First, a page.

If your body is turned away from someone, if your arms or legs are crossed, or if you are hunched over something like your phone or computer, then you appear closed off and not open to conversation. Instead: turn towards someone, uncross your legs or arms, and face the other person. These body cues signal to someone that you are ready to focus and listen to them. You can convey this message even stronger by leaning forwards toward them (instead of leaning back), as well as maintaining appropriate eye contact. (Please note the length of time you look someone in the eyes will depend on culture and gender, because it can mean different things to different people.)
2. Nod Your Head
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Another non-verbal body cue you can do to let someone know you are paying attention is: nod your head. It’s quite simple! What this conveys to the speaker is not only that you can hear them, but you’re also giving them feedback to keep talking so they can make their point.
When we talk to other people and can see them, then 70% of the conversation happens based on how we are picking up and responding to non-verbal cues. Skype, Face Time, and video teleconferencing are great ways to keep all lines of communication open, especially, when distance is involved, and you are unable to see someone in person for an important conversation. Nodding your head works even if you’re on the phone, because it signals to you that you are listening. By becoming aware of what your body is doing while someone else is talking, you can cut down on someone else’s misinterpretation of your body language that you are being judgmental, not interested, or not listening.
3. Use Words of Encouragement and Affirmation
As you are nodding your head, use one or two words like: “Oh!”, “Cool!”, “Really?”, “I agree!” or “Wow!” to encourage someone to keep talking. You can also make sounds like, “Mmm” or “Mm-hmm,” which are less intrusive, and keeps their flow of thought going too. If you use this right now, or decide to try it out today after reading the article, then I’d love to hear your feedback on how it works for you!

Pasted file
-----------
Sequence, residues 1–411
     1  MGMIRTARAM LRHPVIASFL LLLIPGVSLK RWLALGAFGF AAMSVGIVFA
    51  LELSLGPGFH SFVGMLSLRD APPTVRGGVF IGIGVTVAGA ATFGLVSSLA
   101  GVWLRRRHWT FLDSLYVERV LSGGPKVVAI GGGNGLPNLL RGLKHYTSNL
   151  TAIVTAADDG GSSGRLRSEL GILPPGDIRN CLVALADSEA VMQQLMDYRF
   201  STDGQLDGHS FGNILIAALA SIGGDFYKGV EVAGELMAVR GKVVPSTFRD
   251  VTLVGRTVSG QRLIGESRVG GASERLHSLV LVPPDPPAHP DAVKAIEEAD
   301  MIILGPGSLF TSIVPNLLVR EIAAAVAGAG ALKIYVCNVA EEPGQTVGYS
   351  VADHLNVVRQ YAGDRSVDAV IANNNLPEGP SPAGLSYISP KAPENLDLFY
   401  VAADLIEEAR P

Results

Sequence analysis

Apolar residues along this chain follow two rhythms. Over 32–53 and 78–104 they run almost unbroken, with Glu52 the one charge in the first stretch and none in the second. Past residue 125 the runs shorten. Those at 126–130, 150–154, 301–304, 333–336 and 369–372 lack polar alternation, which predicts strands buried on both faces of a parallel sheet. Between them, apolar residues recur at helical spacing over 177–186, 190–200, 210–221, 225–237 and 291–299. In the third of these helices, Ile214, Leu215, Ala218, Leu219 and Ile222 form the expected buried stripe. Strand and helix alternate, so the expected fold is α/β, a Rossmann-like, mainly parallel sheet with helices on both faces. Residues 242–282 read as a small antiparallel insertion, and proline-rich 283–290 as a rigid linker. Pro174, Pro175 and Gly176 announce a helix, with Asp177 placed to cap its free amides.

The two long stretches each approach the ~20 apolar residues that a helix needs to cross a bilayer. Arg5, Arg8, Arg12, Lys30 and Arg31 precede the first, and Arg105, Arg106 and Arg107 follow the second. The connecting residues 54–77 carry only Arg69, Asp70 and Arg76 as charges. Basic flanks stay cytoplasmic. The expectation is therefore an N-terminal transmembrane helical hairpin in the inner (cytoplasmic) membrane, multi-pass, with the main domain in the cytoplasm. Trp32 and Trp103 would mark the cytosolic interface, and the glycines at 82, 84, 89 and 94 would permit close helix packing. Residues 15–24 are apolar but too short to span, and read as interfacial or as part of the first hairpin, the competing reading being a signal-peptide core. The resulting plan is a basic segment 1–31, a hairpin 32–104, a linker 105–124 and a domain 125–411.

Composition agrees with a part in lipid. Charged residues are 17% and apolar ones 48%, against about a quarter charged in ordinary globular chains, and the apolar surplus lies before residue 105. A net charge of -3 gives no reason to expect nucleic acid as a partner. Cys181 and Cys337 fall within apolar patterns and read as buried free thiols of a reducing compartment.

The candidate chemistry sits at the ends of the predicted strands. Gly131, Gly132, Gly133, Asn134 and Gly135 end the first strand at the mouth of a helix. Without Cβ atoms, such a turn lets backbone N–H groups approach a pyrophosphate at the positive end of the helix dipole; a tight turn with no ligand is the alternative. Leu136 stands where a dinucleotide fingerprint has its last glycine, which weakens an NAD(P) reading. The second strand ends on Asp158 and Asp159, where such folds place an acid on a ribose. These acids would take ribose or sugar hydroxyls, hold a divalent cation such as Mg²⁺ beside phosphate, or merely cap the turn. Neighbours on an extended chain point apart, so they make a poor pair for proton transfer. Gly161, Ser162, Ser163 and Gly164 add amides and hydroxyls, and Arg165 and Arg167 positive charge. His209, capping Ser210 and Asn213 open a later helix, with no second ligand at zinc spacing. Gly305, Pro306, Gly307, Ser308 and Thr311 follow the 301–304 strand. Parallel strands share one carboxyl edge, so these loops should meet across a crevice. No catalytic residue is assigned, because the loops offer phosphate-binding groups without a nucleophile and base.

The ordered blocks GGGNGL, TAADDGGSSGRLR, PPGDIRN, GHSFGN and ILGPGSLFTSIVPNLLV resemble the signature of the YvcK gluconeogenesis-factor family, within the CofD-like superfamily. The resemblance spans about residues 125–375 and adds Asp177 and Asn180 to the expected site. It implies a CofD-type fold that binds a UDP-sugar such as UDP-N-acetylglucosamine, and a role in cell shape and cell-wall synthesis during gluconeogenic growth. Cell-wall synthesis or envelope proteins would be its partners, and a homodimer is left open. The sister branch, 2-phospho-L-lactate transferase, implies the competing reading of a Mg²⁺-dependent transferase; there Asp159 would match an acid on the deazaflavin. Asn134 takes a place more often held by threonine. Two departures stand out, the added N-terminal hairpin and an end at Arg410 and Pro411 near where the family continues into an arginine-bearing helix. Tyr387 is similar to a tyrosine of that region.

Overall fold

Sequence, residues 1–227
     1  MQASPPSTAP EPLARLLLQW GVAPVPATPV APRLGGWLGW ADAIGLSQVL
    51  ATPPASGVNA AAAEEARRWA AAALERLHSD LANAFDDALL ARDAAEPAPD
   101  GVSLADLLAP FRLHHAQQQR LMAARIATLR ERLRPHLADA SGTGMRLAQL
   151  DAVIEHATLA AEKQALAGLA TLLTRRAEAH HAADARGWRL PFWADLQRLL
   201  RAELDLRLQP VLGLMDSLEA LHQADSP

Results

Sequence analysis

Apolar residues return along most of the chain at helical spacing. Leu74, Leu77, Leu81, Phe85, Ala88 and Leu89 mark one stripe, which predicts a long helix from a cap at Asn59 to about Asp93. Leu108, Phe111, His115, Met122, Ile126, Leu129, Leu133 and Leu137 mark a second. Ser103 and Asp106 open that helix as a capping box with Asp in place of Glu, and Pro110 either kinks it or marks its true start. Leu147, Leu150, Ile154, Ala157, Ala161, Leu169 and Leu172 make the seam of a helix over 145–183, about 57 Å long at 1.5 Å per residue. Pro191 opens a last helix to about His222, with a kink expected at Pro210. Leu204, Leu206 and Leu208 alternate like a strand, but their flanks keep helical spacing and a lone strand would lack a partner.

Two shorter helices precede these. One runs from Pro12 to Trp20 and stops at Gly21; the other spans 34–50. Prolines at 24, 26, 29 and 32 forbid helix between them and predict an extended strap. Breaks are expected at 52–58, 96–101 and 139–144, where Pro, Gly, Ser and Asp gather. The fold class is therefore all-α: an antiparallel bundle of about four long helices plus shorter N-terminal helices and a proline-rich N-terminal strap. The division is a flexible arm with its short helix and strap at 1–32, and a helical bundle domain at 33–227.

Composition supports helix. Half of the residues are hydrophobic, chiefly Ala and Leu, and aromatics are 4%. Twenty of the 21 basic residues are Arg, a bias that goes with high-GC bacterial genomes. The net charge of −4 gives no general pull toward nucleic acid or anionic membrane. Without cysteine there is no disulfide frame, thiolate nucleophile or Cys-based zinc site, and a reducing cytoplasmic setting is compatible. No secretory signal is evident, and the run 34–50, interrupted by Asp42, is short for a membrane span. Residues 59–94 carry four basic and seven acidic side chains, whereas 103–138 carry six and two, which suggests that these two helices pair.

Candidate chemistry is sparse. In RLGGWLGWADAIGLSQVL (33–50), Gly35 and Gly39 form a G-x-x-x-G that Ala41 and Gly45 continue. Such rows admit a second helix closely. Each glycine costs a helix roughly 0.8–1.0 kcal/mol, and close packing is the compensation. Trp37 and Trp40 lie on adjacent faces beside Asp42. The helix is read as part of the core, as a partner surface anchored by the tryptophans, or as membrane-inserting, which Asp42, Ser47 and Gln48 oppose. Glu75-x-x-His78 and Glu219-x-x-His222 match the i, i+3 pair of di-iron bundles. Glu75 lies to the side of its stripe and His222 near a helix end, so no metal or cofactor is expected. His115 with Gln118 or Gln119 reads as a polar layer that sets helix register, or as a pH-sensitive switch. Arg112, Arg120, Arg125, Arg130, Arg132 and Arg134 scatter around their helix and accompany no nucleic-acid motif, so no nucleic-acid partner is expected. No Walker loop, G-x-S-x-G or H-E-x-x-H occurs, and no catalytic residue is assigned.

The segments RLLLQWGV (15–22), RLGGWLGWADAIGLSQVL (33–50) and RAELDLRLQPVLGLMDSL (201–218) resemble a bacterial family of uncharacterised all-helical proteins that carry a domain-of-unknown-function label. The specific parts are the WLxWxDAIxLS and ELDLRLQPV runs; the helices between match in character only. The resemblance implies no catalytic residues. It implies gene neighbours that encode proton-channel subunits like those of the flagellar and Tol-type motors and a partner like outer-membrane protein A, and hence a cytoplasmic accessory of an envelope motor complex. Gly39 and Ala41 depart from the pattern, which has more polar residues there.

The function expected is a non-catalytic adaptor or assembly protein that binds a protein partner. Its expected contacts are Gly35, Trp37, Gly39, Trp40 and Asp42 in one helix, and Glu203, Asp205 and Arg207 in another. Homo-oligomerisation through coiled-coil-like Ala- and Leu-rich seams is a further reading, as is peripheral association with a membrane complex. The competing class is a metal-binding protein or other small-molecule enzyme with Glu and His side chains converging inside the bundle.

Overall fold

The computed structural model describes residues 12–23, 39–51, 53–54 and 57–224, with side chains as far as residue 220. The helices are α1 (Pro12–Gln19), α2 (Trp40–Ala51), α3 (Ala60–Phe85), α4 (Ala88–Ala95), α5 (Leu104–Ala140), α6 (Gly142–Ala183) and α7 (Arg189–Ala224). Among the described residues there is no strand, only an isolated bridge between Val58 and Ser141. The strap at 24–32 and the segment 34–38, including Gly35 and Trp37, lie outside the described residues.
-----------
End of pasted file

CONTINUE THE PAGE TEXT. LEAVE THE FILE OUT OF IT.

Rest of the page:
4. Repeat What They Just Said
When you repeat back to someone what they just said you can do it in two different ways. You can repeat verbatim what they just said, or you can paraphrase the gist of what they were just talking about.
When you repeat back what someone just said—make your voice go up like you are asking a question as you repeat back what they said. This conveys interest, but also lets the other person either nod their head, say yes, or say what they were trying to say again so you hear it correctly.
If they have been talking non-stop for a couple of minutes, it is more helpful to paraphrase to keep the conversation going. You can preface the paraphrase by first saying, “let me see if I heard what you said correctly…” and then paraphrase their main points. The beauty of this is that if you accidentally engaged in a listening block, you can refocus yourself on what they are saying, and also ask for clarification.
5. Ask Open-Ended Questions
An open-ended question is different than a closed question. Closed questions are ones that illicit a “yes” or “no” response, and end or change the direction of a conversation. Just remember open-ended questions begin by using “what,” “how,” and “why.” Be careful with the why questions that you are fishing for more information, and not being manipulative, accusatory, opinionated, or judgmental. For example: “What do you mean by…?”, “How did that make you feel…?”, or “Why do you think…made you feel…?” Open-ended questions let the other person clarify and add more information, thereby continuing instead of stopping the conversation in its tracks.
Attentive listeners are able to stay focused, make sense, and ask for clarification on what the other person is saying. Learning how to be a better listener will only help if you then implement these five ways over and over again in all your conversations and is what will make you become a more assertive communicator. The benefit is healthy, open, honest relationships.
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When someone is talking to us and we are thinking about the past or the future, then we are not fully present or able to hear what someone is saying. Part of a being a great listener is reading the other person’s nonverbal body language as well as listening to what they are saying. The other part is being aware of the 12 different listening blocks we sometimes use intentionally or by accident. If you are interested in more than just a quick fix with being a better listener, then becoming more self-aware about your communication patterns and monitoring your internal dialogue will help you re-focus your attention back on the other person and to assertively communicate in all situations with openness, tact, and honesty.